Perceptual process for the early detection of humans remains intact even under a heavy attentional load: An ERP study

Published on Jan 8, 2020in International Journal of Psychophysiology2.407
路 DOI :10.1016/j.ijpsycho.2019.12.012
Ryousuke Kato (AIST: National Institute of Advanced Industrial Science and Technology), Takemasa Yokoyama (AIST: National Institute of Advanced Industrial Science and Technology), Yuji Takeda (AIST: National Institute of Advanced Industrial Science and Technology)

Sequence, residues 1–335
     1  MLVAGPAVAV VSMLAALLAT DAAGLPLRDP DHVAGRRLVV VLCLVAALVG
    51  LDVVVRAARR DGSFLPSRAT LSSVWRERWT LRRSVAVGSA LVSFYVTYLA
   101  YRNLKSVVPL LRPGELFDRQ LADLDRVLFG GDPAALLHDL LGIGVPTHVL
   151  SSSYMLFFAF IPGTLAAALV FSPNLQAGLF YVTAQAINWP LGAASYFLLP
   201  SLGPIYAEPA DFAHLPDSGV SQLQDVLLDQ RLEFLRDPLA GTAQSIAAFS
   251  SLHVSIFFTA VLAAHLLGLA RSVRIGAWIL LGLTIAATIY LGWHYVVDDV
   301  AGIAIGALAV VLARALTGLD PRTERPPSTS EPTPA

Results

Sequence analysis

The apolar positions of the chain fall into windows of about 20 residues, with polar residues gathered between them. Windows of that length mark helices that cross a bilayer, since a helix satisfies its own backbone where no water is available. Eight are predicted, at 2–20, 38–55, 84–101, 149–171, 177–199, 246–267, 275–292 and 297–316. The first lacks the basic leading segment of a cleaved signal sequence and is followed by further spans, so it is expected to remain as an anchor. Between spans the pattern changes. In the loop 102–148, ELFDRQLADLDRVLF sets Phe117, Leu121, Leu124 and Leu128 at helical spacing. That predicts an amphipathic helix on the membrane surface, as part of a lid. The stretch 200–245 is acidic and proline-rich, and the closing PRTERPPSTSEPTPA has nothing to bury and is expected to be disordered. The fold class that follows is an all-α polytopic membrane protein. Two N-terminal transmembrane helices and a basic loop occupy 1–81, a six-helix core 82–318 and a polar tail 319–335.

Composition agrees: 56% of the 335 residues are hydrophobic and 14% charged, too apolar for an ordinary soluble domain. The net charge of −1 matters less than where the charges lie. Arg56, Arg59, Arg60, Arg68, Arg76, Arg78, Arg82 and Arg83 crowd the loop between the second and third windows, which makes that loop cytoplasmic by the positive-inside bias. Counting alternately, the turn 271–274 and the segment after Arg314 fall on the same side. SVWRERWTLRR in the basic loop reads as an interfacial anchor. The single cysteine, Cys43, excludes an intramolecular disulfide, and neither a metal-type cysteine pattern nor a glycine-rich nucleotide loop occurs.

Abstract It has been proposed that human beings have an enhanced ability to detect other people in visual scenes. We examined the ability of humans to detect other humans under situations when human images were presented as task-irrelevant stimuli. We measured the anterior N2 elicited by the onset of photographs with and without human images as an indicator of early processing for the detection of humans. We also manipulated attentional loads (low and high loads in Experiments 1 and 2, respectively) when viewing the images to examine the effects of attention. The results indicated that the anterior N2 elicited by images that included humans was larger than that elicited by images that did not include humans, even when the attentional load was high. This finding suggests that the cognitive processing for the detection of humans is prioritized even under high attentional loads.
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